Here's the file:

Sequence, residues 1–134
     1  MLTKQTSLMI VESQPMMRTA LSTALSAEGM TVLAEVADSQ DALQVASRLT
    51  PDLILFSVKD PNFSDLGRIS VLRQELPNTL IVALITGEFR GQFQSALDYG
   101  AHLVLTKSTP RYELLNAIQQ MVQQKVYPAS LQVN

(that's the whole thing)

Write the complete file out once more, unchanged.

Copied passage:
Sequence, residues 1–134
     1  MLTKQTSLMI VESQPMMRTA LSTALSAEGM TVLAEVADSQ DALQVASRLT
    51  PDLILFSVKD PNFSDLGRIS VLRQELPNTL IVALITGEFR GQFQSALDYG
   101  AHLVLTKSTP RYELLNAIQQ MVQQKVYPAS LQVN